Instagram as a photo and video editing, sharing and social networking platforms relationship has developed and altered at an exponential rate. This changing relationship can be partially attributed to ‘the flow of content across multiple media platforms, the cooperation between multiple media industries, and the migratory behavior of media audiences.’ Convergence between Facebook, Tumblr, Twitter, Flickr and the development of blogging capabilities exemplifies this migratory audience relationship. These interactions have altered the site from more than a mere photo uploading trajectory, into a medium used to gain and maintain a social presence and allowing the potential to gain notoriety online. Now more than ever, it is possible to build a social media empire through the empowerment, access and participation of the individual online. This pursuit of quasi-celebrity status with an online Instagram presence, has uncovered audience engagement as resembling herd culture. Herd culture is evident through the value placed on gaining an Instagram following, irrespective of the value of the content shared. The importance of an Instagram following has allowed for the ‘buying of likes and followers’ culture to flourish. This poses the question, what is the value of photographic content on a site where the primary aim is to appear popular.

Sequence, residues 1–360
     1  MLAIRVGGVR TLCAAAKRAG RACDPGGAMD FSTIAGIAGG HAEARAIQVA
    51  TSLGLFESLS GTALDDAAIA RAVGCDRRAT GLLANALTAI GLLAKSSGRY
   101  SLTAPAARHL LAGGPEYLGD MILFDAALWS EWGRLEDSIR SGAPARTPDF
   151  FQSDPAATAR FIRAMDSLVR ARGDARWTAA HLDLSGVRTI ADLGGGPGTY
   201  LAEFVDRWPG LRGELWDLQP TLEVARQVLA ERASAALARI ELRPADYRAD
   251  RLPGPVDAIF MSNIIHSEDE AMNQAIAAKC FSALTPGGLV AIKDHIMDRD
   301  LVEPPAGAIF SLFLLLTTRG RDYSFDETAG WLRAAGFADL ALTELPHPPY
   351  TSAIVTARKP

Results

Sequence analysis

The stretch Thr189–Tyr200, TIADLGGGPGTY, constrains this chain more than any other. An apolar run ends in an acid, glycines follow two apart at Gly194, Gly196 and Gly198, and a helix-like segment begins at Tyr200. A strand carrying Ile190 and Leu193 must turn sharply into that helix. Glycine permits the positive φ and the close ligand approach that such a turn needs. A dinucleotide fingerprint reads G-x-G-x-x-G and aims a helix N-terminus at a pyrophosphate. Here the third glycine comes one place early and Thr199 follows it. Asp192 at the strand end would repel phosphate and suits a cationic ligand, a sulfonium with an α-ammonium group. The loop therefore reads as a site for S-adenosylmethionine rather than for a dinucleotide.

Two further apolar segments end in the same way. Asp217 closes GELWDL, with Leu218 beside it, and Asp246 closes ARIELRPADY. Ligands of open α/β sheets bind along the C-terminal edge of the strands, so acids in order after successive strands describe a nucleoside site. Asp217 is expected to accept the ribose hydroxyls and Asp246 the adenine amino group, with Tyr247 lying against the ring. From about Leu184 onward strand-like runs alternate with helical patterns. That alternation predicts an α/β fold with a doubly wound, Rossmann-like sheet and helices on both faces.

Within excess of two hundred million users worldwide and twenty billion photos uploaded, Instagram has seen a vast amount of content shared. It is no surprise an effective Instagram presence has become a commodity, through the purchasing an online following or ‘likes’, ultimately translating into popularity. Sites such as ‘Buzzoid’ charge as little as three dollars for a hundred Insatgram followers, where dormant or fictitious accounts follow or like content. ‘It’s tempting to use objective measures like these [follows and likes, to determine popularity] because they’re verifiable, quantitative and logical.’ Herd culture can be attributed to the idea of collective intelligence, describing a situation where an individual adopts ideologies, behaviors or engages in certain hegemonic actions due to influence of peers or to join in a popular movement with other people in society. A reason for this practice upon Instagram can be conceptualised as a representation of the ‘Bass Diffusion model, [which] describes how the popularity of something in proportion to current popularity among those people who have yet to adopt (or copy) it. As the thing becomes more popular, there are fewer potential new adopters and the trend fades again’.  This means that upon Instagram, the audience are more likely to follow content which appears popular within society and the audience recognises an opportunity to emulate, to further their own popularity. Herd culture in practice, is a part of the decision making process when determining whether to engage with another’s online content. ‘When an individual observes the behavior of another person and based on that observation, concludes something about the value and practicality of the behavior.’ Thus, it can be held that Insatgram users unconsciously determine the value of content shared, by the value others place upon something through likes and follows, a representation of users being ‘sheep’ attributing to herd culture. This culture can not be fully understood until two profiles, one with pre-purchased followers and another with a purely organic following, with identical content are created and their reception compared, with the rate of engagement.